We do know that men tend to be a little older and women a little younger in partnerships, so quite often in an extensive pedigree, the all mtDNA line tends to squeeze in an extra generation compared with the all Y-DNA line. This study doesn't help with that, even though it is only relevant to a small proportion of all our lines.

I can only go back 6 generations on my MtDNA line (birth certificates run out at that point and I'm stuck in a small Welsh town where everybody had the same name : ) but it demonstrates your point. at this level the average generation length is 29 yrs but 34 for my paternal line.

By the time my 4x Mtdna great grandmother was born my 4x Y-DNA great grandfather had already had 4 children.

One issue that affects this is men can go on having children for longer than women and are more likely to find new partners after the death of a spouse.

vettor
05-07-2016, 07:28 PM
Just remember that this is a long term average. Over that time span.
And one further thing.
STR mutation rates are per generation of 30 years.
You can't use the existing mutation rates and plug in a different generation time.
If you do, you have to change the mutation rates as well and you come up with the same answer.
They are inextricably linked.

but surely STR mutation rate of 30 years is far to small to use for STR step difference between people ..............I have a figure of 131 years for that

Saetro
05-08-2016, 01:42 AM
but surely STR mutation rate of 30 years is far to small to use for STR step difference between people ..............I have a figure of 131 years for that
It's the generation that is 30 years.

Let me clarify that with an example.
In McDonald's Y STR TMRCA calculator http://clan-donald-usa.org/index.php/tmrca-calculator the mutation rate for 111 markers is given as 0.0026.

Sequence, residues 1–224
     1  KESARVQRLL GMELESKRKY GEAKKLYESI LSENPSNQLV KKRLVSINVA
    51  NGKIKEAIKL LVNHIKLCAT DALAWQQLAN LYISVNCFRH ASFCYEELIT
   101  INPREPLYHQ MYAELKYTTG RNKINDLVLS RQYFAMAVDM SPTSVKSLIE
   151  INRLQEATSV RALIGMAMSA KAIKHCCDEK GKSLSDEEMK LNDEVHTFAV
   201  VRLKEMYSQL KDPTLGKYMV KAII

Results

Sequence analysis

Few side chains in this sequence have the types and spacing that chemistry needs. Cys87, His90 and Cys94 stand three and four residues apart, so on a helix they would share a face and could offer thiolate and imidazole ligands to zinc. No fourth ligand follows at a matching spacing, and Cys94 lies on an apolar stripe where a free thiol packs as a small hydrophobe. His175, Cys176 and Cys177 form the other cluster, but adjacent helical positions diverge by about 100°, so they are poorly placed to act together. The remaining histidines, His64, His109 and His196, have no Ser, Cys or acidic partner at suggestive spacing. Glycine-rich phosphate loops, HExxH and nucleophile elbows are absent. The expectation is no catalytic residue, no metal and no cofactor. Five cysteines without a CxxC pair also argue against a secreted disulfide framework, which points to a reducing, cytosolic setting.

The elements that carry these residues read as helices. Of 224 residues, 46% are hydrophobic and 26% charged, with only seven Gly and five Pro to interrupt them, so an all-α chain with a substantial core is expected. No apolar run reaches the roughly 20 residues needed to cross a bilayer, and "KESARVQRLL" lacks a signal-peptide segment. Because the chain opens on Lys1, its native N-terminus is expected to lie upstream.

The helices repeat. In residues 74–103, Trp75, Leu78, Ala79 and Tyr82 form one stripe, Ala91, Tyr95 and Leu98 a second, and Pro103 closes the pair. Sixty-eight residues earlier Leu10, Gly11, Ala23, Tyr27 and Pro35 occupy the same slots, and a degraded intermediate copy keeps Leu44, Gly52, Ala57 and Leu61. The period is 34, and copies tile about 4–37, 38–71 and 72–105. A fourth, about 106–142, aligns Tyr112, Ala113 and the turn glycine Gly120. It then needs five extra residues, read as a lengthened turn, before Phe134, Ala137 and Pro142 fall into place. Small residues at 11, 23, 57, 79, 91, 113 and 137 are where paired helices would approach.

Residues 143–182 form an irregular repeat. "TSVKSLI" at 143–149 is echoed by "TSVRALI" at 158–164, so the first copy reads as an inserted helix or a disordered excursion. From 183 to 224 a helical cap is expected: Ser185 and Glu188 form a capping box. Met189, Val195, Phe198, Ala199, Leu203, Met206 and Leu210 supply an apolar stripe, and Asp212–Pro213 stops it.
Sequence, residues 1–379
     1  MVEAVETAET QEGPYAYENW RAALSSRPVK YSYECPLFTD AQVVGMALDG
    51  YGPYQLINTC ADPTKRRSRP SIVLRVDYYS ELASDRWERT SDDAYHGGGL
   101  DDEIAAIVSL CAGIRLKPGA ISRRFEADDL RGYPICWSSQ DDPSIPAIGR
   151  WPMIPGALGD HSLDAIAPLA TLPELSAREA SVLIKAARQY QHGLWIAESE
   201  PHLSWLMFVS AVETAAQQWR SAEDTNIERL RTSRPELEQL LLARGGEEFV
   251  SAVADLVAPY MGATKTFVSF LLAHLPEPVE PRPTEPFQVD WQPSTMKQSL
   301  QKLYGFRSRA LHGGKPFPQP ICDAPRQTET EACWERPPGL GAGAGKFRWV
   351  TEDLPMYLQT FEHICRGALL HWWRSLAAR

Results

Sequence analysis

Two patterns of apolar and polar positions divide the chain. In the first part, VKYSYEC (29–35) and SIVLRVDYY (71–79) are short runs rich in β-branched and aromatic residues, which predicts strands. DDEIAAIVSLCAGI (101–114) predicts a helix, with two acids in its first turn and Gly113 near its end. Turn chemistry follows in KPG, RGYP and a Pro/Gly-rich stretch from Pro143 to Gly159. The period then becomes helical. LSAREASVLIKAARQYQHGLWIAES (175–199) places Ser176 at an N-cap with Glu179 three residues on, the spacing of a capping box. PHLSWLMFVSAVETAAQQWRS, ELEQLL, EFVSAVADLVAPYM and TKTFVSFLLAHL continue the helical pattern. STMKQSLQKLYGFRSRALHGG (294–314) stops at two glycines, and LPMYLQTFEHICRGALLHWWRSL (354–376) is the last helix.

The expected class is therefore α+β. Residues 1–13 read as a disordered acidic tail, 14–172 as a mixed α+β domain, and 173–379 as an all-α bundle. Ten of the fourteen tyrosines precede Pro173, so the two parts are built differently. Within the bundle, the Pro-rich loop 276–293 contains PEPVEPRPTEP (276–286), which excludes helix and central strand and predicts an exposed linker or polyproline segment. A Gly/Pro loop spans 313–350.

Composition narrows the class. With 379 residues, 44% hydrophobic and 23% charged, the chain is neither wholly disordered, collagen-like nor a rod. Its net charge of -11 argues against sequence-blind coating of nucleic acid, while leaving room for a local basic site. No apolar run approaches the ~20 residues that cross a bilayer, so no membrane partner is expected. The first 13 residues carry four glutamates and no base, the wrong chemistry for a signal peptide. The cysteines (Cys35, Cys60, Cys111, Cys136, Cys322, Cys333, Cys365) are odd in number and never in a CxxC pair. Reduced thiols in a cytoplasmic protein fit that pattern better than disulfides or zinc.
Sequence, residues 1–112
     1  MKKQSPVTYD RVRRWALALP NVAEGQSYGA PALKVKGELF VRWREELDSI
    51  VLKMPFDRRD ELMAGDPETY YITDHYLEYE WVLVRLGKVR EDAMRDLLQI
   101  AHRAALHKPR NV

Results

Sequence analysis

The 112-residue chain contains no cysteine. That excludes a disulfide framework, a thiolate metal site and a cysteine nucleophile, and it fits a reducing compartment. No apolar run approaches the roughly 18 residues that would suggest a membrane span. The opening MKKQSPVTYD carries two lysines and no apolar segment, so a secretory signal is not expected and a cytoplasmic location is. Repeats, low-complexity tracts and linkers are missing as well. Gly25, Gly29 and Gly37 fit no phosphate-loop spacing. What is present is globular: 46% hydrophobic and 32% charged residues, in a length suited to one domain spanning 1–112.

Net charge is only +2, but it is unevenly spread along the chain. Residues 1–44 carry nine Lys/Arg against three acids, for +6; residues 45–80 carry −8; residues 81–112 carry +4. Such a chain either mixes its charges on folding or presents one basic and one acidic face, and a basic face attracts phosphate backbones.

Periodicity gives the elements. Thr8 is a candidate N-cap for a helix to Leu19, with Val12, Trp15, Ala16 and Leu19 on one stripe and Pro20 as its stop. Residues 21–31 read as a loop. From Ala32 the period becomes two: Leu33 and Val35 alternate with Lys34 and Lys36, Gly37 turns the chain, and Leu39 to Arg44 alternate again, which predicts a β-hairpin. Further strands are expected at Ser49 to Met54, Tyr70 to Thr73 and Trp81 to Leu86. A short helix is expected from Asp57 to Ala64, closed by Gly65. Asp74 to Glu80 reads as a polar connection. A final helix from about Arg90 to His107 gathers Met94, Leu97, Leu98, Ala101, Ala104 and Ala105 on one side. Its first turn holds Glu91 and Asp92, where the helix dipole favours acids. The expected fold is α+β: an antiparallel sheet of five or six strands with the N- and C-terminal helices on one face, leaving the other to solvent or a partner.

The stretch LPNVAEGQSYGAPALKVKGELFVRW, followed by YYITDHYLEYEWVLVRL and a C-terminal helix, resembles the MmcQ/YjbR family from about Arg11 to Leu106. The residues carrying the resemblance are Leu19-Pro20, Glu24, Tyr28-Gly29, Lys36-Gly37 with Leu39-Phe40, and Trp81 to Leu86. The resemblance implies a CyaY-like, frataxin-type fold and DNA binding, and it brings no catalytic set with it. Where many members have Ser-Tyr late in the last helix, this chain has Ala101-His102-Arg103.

This is set for a generation length of 30 years.

So, once the calculator estimates a number of generations, this can be multiplied by 30 to get the estimated time.

ArmandoR1b
05-08-2016, 03:39 AM
........) but it demonstrates your point. at this level the average generation length is 29 yrs but 34 for my paternal line.

.......

One issue that affects this is men can go on having children for longer than women and are more likely to find new partners after the death of a spouse.
But it would be extremely unusual for every generation in the past 10 generations, and even more so over hundreds or thousands of generations, for every generation the father to have been 45 or 50 years old. Over time the average smooths out especially when multiple studies are used. At one time I had put all of the studies together at http://www.isogg.org/wiki/Generation_length#Studies_of_average_generation_le ngth and got 32.5 years per generation.

jdean
05-08-2016, 09:08 AM
But it would be extremely unusual for every generation in the past 10 generations, and even more so over hundreds or thousands of generations, for every generation the father to have been 45 or 50 years old. Over time the average smooths out especially when multiple studies are used. At one time I had put all of the studies together at http://www.isogg.org/wiki/Generation_length#Studies_of_average_generation_le ngth and got 32.5 years per generation.

Exactly, everybody's line is a mixture of eldest, youngest and everything in-between. I use 3 generations per 100 yrs for convenience.